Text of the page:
Welcome to Day 1504 of our Wisdom-Trek, and thank you for joining me.
This is Guthrie Chamberlain, Your Guide to Wisdom
Bible Study – Book Order and Hebrew Text – Meditation Monday
Wisdom – the final frontier to true knowledge. Welcome to Wisdom-Trek where our mission is to create a legacy of wisdom, to seek out discernment and insights, and to boldly grow where few have chosen to grow before.
Hello, my friend, I am Guthrie Chamberlain, your captain on our journey to increase wisdom and create a living legacy. Thank you for joining us today as we explore wisdom on our 2nd millennium of podcasts. This is Day 1504 of our trek, and it is time for Meditation Monday. Taking time to relax, refocus, and reprioritize our lives is crucial in order to create a living legacy.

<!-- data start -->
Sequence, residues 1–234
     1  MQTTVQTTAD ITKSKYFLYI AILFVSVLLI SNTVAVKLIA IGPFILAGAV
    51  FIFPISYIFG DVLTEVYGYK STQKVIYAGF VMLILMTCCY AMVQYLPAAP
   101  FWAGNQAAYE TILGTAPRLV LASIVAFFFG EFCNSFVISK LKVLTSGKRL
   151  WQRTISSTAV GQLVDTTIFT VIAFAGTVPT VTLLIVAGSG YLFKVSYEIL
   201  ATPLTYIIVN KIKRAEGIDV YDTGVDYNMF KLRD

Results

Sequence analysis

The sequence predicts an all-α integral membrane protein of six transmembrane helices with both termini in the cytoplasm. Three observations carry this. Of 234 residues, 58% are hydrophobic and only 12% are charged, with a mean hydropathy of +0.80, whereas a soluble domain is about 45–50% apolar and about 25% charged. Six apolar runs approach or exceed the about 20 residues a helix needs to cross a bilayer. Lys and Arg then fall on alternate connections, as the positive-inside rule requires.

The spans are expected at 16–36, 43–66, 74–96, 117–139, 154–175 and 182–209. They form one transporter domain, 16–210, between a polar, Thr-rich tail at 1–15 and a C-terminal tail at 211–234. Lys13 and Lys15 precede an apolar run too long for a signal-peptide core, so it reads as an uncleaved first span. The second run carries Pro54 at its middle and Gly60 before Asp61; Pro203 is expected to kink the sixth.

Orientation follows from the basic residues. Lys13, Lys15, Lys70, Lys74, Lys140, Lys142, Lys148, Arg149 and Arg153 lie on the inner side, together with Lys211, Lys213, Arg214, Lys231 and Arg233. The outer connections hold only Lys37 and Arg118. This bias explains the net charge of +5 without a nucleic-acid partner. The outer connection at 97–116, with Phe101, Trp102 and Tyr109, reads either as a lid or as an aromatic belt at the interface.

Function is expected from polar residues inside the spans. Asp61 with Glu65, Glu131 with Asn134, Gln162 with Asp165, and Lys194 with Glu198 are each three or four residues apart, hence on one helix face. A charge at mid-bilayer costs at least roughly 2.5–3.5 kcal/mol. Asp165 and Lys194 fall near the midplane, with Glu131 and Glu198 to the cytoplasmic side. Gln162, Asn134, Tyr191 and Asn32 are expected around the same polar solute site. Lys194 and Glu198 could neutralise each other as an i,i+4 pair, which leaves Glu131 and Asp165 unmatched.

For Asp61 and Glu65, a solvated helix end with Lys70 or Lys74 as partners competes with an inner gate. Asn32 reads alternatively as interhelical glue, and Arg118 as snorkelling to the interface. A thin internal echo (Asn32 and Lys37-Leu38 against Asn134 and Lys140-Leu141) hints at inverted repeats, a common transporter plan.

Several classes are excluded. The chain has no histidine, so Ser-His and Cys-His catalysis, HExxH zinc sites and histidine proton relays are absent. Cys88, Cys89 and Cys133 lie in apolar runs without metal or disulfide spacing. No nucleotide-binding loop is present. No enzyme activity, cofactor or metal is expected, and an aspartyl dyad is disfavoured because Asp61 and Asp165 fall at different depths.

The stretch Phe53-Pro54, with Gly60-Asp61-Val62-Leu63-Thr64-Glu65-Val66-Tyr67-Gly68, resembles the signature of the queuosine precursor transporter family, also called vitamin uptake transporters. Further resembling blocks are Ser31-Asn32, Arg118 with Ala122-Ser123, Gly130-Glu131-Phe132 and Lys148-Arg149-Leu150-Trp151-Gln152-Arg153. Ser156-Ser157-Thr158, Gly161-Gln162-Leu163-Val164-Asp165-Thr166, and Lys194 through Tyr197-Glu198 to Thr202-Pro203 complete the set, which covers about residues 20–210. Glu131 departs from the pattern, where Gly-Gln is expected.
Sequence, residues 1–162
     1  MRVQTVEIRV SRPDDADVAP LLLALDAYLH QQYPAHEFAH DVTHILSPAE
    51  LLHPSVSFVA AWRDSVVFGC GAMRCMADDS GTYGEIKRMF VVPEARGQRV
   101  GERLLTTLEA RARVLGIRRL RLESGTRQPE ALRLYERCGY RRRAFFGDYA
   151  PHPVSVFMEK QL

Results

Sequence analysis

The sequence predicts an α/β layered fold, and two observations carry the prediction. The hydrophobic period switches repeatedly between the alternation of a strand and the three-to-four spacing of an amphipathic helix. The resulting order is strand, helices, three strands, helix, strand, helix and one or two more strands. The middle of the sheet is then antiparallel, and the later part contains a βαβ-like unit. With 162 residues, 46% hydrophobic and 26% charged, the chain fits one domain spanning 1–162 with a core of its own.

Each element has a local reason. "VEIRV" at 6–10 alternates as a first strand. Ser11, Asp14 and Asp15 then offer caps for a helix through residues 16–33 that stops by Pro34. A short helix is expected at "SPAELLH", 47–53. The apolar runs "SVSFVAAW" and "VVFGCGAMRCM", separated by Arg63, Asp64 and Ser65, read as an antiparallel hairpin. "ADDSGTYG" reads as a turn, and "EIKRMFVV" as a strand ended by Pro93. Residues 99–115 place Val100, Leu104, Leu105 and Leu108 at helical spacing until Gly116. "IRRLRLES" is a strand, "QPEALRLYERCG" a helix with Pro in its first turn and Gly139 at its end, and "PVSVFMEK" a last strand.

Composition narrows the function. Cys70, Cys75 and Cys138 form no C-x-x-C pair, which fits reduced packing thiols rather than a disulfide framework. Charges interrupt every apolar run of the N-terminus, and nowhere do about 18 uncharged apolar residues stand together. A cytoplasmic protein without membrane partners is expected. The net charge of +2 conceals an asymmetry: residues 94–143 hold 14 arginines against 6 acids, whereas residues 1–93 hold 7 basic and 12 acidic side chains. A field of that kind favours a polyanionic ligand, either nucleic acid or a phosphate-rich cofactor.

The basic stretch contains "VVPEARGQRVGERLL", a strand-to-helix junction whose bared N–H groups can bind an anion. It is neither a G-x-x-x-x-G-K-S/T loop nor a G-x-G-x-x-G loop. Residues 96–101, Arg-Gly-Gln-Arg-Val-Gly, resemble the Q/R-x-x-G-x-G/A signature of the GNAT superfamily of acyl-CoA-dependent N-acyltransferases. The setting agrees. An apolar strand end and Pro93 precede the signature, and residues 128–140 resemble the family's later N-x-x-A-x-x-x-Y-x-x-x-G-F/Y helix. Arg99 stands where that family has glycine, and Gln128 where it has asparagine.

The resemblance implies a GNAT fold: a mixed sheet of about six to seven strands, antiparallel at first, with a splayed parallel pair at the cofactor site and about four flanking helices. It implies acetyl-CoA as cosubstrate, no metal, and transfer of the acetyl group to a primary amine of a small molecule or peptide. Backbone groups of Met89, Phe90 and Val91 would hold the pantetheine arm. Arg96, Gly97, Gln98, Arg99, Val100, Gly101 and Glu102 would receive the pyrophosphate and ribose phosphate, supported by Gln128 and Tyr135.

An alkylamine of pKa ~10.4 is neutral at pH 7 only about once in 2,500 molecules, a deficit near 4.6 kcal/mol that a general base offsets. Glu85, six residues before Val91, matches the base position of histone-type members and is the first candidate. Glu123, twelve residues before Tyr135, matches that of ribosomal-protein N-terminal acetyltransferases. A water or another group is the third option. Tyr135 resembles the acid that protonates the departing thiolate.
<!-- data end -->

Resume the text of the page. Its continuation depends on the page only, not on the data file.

For you, it may just be time alone for quiet reflection. You may utilize structured meditation practices. In my life, meditation includes reading and reflecting on God’s Word and praying. It is a time to renew my mind, refocus on what is most important, and make sure that I am nurturing my soul, mind, and body. As you come along with me on our trek each Meditation Monday, it is my hope and prayer that you, too, will experience a time for reflection and renewing of your mind.
We are continuing our series this week on Meditation Monday as we focus on Mastering Bible Study through a series of brief insights from Hebrew Scholar, Dr. Michael S. Heiser. Our current insights are focusing on what the Bible is. Today let us meditate on…
Bible Study – Book Order and Hebrew Text